Making Kentucky STRONGER BY DEGREES Kentucky Council on

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Making Kentucky STRONGER BY DEGREES Kentucky Council on Postsecondary Education Shaun Mc. Kiernan, Senior

Making Kentucky STRONGER BY DEGREES Kentucky Council on Postsecondary Education Shaun Mc. Kiernan, Senior Associate for Budget & Finance November 2, 2016

Council on Postsecondary Education: Key Responsibilities • Coordination of public colleges and universities •

Council on Postsecondary Education: Key Responsibilities • Coordination of public colleges and universities • Adult Basic Education • Licensing postsecondary institutions operating in Kentucky • Administration of pass-through programs 2

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Almost 90% of CPE’s General Fund appropriation supports pass-through programs: Adult Education (47%): •

Almost 90% of CPE’s General Fund appropriation supports pass-through programs: Adult Education (47%): • Local programs in 120 counties with 760 program staff • 29, 000 adults served (GED, workforce skills, college and career readiness) • 21 administrative staff (coordination, evaluation, technical assistance, federal reporting requirements) 4

Student Aid & Assistance (15%): • Contract Spaces (164 veterinary & 44 optometry slots)

Student Aid & Assistance (15%): • Contract Spaces (164 veterinary & 44 optometry slots) • SREB Doctoral Scholars (2 minority scholars) • Governor’s Minority Student College Prep Program • Professional Education Preparation Program (MCAT/DAT test prep programs) • KY Autism Training Center at Uof. L • Washington Intern Program (8 scholarships) 5

Technology & Academic Support (13%): • Funding to the KY Virtual Library/Virtual Campus •

Technology & Academic Support (13%): • Funding to the KY Virtual Library/Virtual Campus • Provides K-12, postsecondary, and public libraries access to 65 electronic research databases • Facilitates 92. 4 million searches and 7. 9 million downloads annually • Staffs help desk to refer potential students to online programs • Provides online training programs to state agencies • Delivers internet service to campuses in 70 locations through the Kentucky Postsecondary Education Network 6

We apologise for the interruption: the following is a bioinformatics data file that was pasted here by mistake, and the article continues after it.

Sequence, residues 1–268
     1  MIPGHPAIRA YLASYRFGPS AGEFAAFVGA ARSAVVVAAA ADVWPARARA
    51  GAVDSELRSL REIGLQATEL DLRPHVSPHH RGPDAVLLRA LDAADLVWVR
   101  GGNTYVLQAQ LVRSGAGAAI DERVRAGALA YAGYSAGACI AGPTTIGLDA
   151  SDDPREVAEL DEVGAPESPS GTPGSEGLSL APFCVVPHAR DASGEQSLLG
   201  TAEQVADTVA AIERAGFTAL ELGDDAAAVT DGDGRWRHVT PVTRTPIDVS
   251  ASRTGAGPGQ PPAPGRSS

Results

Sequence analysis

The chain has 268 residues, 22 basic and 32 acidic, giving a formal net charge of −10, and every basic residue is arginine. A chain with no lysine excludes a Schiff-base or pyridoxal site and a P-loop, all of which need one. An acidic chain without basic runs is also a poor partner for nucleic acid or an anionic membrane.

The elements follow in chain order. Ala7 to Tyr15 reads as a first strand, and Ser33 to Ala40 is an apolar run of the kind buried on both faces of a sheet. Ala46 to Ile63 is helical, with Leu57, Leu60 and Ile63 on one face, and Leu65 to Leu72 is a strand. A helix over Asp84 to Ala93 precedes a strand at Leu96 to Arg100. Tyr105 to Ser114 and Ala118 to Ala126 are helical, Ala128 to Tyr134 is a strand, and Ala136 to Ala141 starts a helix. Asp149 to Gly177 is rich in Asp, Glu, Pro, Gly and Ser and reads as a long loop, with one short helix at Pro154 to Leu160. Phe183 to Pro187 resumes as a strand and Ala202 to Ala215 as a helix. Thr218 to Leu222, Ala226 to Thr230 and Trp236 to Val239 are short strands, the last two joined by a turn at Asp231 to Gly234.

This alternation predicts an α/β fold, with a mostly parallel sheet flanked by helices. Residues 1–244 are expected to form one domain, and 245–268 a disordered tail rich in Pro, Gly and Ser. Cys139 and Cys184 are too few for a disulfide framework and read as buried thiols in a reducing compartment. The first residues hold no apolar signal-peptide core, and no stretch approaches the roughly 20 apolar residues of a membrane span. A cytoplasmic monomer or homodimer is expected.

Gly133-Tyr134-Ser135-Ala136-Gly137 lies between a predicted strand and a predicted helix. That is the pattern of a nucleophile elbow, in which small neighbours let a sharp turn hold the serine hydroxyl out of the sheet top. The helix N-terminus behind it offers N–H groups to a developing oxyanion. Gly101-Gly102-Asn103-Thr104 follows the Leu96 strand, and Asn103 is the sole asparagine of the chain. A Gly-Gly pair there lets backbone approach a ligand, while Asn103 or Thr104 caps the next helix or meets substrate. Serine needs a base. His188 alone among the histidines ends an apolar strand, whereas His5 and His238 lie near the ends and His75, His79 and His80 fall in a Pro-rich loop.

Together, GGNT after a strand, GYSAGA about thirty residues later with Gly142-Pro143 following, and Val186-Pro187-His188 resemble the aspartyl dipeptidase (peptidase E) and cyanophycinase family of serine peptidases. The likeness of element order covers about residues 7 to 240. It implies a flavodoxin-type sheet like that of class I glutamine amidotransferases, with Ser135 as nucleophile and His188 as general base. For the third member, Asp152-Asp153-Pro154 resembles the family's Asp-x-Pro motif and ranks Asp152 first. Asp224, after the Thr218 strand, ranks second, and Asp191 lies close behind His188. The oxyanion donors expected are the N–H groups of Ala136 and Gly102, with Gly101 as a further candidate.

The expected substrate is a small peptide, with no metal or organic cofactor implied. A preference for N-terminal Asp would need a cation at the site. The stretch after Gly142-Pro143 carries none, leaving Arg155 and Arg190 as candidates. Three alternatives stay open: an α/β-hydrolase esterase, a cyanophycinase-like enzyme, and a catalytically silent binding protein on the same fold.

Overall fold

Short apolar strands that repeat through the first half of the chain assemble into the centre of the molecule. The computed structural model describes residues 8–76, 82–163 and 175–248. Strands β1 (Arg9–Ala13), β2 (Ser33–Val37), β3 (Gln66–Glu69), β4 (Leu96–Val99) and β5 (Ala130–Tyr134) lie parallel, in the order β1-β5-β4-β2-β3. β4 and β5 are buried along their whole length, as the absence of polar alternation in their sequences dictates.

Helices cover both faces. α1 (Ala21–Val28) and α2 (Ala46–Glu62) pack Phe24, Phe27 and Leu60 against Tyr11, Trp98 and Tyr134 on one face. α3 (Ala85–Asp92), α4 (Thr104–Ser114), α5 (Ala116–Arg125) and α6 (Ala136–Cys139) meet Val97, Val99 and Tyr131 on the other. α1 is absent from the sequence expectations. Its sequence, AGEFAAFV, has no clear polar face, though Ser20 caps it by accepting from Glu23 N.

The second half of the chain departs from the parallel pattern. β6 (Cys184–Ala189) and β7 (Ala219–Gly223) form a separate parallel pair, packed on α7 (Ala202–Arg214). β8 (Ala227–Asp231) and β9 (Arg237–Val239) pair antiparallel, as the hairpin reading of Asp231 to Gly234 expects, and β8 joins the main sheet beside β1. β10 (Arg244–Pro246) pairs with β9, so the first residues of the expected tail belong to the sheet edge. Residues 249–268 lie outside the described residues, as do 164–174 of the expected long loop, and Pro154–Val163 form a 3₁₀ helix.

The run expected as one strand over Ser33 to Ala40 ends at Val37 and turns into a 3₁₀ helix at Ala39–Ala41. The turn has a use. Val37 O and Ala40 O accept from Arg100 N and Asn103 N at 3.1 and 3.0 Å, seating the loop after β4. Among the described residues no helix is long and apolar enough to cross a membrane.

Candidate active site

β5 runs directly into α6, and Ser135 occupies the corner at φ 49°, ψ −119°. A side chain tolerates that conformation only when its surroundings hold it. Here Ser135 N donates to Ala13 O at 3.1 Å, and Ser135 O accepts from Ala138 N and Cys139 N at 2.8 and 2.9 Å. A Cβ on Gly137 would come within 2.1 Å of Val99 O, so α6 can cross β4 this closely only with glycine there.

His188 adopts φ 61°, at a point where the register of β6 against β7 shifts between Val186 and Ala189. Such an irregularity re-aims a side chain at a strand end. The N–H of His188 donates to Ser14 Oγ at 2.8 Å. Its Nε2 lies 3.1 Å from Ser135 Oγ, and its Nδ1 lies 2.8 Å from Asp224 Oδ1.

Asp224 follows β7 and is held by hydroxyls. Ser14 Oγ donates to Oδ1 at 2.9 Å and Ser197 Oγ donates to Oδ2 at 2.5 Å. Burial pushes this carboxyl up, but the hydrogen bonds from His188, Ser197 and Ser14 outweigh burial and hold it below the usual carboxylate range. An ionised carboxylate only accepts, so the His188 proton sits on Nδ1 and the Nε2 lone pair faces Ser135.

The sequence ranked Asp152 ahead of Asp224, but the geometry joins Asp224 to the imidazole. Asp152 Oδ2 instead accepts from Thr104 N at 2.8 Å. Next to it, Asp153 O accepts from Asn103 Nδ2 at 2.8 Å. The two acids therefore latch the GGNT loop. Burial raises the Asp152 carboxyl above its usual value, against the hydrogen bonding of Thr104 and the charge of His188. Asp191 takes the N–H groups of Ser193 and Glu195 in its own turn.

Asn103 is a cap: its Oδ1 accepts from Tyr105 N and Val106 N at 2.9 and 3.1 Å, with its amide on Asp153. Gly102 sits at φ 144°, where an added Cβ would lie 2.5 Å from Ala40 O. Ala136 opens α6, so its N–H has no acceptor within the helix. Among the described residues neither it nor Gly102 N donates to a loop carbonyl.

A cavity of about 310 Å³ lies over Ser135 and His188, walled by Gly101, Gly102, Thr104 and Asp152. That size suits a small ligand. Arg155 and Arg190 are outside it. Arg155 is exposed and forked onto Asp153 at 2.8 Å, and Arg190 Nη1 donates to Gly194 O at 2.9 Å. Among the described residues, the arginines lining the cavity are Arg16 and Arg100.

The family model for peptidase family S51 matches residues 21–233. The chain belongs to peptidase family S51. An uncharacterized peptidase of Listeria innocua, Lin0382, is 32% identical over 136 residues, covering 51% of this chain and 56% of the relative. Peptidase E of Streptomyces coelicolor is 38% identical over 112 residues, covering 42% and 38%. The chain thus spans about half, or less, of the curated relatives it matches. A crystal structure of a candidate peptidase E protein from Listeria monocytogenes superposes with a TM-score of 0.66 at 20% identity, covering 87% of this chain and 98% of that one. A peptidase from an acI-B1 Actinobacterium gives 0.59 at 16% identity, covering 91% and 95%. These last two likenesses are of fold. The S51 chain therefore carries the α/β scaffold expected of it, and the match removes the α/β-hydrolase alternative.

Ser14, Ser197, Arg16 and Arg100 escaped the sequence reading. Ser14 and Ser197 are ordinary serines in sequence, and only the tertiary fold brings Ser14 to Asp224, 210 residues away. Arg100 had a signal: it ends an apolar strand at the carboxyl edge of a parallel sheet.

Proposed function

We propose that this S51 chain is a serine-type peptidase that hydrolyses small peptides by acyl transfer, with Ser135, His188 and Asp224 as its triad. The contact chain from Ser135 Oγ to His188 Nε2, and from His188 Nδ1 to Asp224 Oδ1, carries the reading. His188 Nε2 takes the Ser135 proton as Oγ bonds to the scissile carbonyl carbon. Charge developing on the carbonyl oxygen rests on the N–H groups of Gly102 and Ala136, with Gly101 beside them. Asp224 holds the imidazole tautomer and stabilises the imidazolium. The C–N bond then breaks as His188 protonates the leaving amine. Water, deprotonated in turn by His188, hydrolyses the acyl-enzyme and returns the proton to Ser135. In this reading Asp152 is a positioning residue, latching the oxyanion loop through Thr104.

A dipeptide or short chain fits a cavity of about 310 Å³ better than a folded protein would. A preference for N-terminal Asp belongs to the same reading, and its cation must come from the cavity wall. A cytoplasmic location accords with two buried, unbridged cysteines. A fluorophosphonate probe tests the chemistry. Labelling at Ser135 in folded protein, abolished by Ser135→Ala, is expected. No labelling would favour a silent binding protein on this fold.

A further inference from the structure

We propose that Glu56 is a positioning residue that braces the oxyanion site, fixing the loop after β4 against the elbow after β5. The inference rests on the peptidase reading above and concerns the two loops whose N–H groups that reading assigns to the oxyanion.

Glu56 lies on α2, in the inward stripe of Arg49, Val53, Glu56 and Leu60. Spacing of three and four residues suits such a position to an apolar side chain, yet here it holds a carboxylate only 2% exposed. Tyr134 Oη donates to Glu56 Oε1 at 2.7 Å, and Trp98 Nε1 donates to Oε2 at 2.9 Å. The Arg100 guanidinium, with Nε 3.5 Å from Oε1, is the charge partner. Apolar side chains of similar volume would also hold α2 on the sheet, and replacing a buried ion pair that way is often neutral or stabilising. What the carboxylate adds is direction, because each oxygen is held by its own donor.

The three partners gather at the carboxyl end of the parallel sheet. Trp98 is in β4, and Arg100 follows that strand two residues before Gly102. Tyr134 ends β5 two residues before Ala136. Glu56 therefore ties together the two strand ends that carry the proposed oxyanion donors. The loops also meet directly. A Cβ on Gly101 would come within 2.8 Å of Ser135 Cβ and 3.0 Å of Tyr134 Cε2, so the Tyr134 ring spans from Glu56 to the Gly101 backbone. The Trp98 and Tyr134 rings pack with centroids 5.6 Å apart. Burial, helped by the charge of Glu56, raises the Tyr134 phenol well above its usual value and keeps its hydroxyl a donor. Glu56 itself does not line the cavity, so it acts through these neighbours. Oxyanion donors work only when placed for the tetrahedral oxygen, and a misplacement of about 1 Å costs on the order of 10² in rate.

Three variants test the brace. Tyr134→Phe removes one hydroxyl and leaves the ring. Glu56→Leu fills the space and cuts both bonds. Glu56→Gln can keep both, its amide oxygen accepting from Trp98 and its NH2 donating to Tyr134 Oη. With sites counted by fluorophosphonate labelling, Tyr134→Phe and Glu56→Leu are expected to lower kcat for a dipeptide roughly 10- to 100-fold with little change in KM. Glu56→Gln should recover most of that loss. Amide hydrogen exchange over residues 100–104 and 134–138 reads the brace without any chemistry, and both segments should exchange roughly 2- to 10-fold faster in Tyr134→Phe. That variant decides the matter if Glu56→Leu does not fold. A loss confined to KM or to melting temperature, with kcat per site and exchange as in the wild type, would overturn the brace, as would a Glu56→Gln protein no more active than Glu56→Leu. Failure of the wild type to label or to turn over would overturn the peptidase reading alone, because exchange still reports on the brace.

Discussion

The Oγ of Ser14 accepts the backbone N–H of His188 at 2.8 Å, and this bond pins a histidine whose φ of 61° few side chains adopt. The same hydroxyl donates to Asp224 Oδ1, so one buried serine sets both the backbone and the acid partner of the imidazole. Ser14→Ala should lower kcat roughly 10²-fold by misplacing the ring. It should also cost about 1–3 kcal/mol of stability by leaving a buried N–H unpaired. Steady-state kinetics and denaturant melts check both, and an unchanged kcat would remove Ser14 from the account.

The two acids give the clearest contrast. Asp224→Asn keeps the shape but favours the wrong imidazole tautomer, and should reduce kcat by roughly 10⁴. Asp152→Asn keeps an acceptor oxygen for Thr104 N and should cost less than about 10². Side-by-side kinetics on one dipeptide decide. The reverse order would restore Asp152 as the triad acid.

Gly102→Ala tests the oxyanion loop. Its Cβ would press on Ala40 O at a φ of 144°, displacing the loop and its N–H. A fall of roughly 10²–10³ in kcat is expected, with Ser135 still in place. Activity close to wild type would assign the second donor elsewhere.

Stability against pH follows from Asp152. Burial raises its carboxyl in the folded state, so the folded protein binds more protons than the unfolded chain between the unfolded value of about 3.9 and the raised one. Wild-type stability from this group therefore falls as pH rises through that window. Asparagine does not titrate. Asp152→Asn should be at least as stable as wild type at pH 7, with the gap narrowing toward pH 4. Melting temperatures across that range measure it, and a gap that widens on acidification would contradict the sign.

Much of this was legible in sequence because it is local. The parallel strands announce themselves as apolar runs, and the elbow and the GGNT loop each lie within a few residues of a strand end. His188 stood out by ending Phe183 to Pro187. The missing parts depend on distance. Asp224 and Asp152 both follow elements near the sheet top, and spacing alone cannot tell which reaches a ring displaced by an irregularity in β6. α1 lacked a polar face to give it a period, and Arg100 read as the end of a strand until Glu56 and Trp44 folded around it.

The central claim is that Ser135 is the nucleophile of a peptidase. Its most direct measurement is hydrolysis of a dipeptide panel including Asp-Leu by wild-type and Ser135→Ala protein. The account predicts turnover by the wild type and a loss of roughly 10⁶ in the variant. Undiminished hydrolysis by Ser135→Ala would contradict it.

Research & Economic Development (12%): • Funding to KY Science & Technology Corporation supporting

Research & Economic Development (12%): • Funding to KY Science & Technology Corporation supporting several major research and economic development programs including: 1) Kentucky Science and Engineering Foundation, 2) the Kentucky Enterprise Fund and 3) EPSCo. R (the Experimental Program to Stimulate Critical Research) – Critical investments in innovation research and startup enterprises – Significant return-on-investment by leveraging venture capital investments and federal funding – Commercialization of research 7

About 7% of CPE’s General Fund Appropriations Support Statewide Coordination of Postsecondary Education: •